The graduate student government is holding a special election on Wednesday to fill its vice president of internal affairs seat, after former student government officer Hope McCoy resigned in September.
The Graduate Students Association forum members will vote on the candidates in their regular meeting, which will be open to the public.
Heidi Alexander, Milan Chatterjee and Matthew FitzGerald are the three candidates running for the position.
Last summer, Heidi Alexander was denied a grant for a research trip for solar power development. Instead of giving up on the project, she said she used her talents as a vocalist, guitarist, flutist and trumpeter to perform in musical events and raise money for the trip.
Alexander, now a second-year graduate student at the School of Arts and Architecture, said she thinks dealing with stressful situations and fundraising will help her if she is elected as the vice president of internal affairs.
“I am an architecture student, so I am very detail oriented,” Alexander said.
Alexander, a UC Berkeley alumna, said one of her main objectives is to make already available resources more accessible to graduate students.
“For graduate students on a campus as big as this one, students can feel very anonymous and it is easy to lose your voice and find it difficult to push for what you want and need.” Alexander said. “I want to help students to push for what they want.”
She added that she wants to bring cross-disciplinary programming to graduate schools and she would like to establish a platform to help different graduate schools at UCLA work collaboratively toward addressing issues of inequality, diversity and environmental protection.
Alexander also said she plans to address the ownership of intellectual property in graduate-level work at UCLA by working with the UCLA Office of Intellectual Property and Industry Sponsored Research. She said she wants to focus on this because of the growing presence of technology in research and the issue of copyright infringement.
“I am not a miracle worker, but I have a lot of practical experience and I have a lot of motivation to work toward the goals that I have,” Alexander said.
Milan Chatterjee’s work as a disability rights and pediatric patients advocate pushed him to run for the position of vice president of internal affairs so he can work to establish a new GSA board position that would specifically address issues of inclusion.
The position, called the director of inclusive excellence director, would try to ensure that the interests of all diversity groups are met, he said.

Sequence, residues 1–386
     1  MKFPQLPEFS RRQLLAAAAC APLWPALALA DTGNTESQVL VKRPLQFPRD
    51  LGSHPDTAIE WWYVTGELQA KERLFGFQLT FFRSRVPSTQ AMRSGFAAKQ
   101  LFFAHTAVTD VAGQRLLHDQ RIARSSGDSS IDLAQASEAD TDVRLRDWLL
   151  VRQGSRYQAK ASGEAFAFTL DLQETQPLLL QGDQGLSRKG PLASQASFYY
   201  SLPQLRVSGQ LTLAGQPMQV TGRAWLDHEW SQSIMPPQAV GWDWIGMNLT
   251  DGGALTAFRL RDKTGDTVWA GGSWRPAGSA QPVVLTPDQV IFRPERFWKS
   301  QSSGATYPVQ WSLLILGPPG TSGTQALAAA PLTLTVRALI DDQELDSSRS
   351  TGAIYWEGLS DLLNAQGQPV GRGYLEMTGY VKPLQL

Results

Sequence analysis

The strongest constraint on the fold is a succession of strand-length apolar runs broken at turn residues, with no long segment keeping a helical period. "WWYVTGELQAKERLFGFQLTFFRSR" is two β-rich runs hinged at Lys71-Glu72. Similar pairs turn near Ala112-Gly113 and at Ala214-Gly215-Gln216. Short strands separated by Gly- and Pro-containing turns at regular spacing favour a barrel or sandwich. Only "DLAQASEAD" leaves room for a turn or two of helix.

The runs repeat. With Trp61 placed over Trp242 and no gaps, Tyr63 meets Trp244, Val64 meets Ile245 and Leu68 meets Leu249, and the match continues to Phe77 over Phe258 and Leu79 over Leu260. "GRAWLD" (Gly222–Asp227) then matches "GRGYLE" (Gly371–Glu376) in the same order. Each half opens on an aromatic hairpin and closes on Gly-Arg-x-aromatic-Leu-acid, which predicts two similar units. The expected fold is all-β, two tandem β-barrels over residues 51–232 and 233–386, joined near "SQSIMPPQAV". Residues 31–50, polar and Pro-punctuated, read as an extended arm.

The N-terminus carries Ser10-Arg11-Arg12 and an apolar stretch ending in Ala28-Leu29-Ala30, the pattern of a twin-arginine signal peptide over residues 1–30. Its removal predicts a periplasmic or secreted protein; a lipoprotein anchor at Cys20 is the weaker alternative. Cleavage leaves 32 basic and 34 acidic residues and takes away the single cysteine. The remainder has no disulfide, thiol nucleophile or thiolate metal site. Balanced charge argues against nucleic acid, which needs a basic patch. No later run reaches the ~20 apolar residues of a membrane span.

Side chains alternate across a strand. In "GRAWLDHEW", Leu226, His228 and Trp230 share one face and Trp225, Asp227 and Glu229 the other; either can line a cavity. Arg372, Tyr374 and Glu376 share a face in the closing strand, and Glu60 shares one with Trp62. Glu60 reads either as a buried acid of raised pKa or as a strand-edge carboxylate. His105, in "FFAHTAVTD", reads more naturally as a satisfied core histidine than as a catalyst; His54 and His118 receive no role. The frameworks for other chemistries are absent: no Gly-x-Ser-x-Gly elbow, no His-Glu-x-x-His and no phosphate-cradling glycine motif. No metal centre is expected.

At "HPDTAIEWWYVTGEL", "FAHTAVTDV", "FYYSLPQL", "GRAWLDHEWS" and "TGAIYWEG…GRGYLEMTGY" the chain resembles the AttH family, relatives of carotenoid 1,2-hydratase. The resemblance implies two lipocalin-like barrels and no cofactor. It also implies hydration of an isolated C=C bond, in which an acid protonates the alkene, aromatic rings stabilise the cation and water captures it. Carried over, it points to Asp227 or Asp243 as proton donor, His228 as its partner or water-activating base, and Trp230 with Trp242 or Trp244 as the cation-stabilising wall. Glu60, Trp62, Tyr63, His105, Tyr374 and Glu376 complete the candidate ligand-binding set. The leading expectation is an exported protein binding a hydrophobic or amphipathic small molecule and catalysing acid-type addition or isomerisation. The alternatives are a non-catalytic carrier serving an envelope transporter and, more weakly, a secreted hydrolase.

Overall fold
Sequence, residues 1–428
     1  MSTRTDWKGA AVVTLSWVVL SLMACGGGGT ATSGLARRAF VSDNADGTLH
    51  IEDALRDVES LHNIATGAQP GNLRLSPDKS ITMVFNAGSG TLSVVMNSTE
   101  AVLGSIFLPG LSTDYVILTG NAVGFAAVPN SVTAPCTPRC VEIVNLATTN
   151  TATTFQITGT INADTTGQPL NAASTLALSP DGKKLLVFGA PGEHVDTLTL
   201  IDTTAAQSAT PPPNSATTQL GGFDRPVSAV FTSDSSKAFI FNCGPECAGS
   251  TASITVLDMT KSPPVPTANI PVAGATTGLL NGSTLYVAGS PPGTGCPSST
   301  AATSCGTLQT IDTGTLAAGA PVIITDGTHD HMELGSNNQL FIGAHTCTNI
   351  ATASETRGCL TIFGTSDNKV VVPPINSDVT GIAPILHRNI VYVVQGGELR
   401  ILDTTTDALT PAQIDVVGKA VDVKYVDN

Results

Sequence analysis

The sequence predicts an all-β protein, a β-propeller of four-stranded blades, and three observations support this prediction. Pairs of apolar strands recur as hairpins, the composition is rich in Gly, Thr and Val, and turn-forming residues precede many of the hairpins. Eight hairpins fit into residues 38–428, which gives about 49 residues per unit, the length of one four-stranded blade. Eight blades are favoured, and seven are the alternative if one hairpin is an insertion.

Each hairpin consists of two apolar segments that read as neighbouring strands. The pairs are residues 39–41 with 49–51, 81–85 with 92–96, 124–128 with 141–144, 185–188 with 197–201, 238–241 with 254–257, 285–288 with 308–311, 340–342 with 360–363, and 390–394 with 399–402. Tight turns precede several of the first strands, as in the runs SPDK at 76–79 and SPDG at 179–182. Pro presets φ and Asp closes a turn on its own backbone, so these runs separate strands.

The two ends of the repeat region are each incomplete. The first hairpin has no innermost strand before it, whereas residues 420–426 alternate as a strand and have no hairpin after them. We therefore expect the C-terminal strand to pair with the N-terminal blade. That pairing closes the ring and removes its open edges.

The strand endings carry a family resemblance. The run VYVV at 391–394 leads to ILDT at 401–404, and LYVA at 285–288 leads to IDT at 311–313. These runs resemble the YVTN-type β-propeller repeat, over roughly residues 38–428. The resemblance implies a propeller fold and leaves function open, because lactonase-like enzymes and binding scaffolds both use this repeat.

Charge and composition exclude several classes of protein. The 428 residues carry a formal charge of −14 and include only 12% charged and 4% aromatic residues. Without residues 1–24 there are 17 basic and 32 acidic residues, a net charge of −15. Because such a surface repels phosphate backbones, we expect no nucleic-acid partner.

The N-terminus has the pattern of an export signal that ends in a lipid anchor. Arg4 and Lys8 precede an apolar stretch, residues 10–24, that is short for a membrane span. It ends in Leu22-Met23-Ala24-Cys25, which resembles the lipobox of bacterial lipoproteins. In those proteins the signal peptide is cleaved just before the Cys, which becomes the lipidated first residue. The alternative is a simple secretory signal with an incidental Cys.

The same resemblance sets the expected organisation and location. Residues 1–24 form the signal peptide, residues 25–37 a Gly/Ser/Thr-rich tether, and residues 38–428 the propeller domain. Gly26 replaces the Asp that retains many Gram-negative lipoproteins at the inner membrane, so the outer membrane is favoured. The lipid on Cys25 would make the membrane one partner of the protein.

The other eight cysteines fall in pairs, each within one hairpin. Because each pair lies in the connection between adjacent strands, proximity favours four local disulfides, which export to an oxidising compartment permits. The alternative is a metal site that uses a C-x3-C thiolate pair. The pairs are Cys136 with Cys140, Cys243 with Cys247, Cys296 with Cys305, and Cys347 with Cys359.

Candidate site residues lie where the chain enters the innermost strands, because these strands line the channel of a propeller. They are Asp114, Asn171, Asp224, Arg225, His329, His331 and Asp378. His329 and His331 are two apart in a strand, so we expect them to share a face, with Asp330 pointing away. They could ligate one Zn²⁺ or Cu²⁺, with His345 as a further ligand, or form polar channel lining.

Chatterjee graduated from the University of Denver with a degree in political science and is now a second-year student at the UCLA School of Law.
He said a major part of his platforms is to make GSA more accessible to the graduate student body by celebrating cultural diversity, making students part of GSA’s policy-making process and establishing a stronger alliance between the Undergraduate Students Association Council and the GSA.
“Undergraduate students have strong and passionate leaders as well, and I think that if we unite these two student leader organizations we can achieve more,” he added.
Chatterjee is currently the director of discretionary funding for GSA. He said he thinks this will help him because he thinks he already has a good working relationship with higher-level cabinet members.
“I will not need any sort of on-the-job training,” Chatterjee said.
As president pro tempore and chair of the academic affairs committee in the undergraduate student government at the University of Denver, Chatterjee said he thinks he is accustomed to how student government works.
Chatterjee said he also wants to establish a greater sense of school spirit among graduate students who come from different colleges and lack time to socialize because of heavy course loads.
After lobbying for student interests for more than two years at the University of Washington, Matthew FitzGerald said he wants to use his experience to demand accountability from the university about tuition hikes.
He said he thinks his platform to advocate for students against potential tuition increases is particularly relevant because of the University of California’s recent proposal to raise tuition over the next five years depending on state funding.
“I think it is deeply concerning that the UC is holding our tuition hostage in order to bargain with the state legislature,” he said. “This needs to be changed.”
FitzGerald graduated from the University of Washington, Seattle in 2012 with a bachelor’s degree in international studies, and is now a first-year student at the UCLA School of Law. He was also appointed to the Drug Free Schools committee in GSA in September.
“I thrive on the energy of the universe and it brings me great joy to see when voices of students are heard,” FitzGerald said.
FitzGerald said one of his goals is to make GSA more relevant to the lives of graduate students. He said he thinks that a key reason for limited student involvement in GSA is a lack of awareness about the services and opportunities the organization offers.
He said he thinks his work on the board of trustees of the Foundation for International Understanding Through Students and on the student senate for University of Washington will help him serve as the vice president of internal affairs. He added that these experiences helped him understand how to effectively manage budgets and lobby for student interests.
FitzGerald is the newest to UCLA out of the three students running for office and he said he thinks this will help him contribute a new perspective at the forum.
“I am highly disciplined and energetic and I do what I do from a place of passion and principle,” FitzGerald said.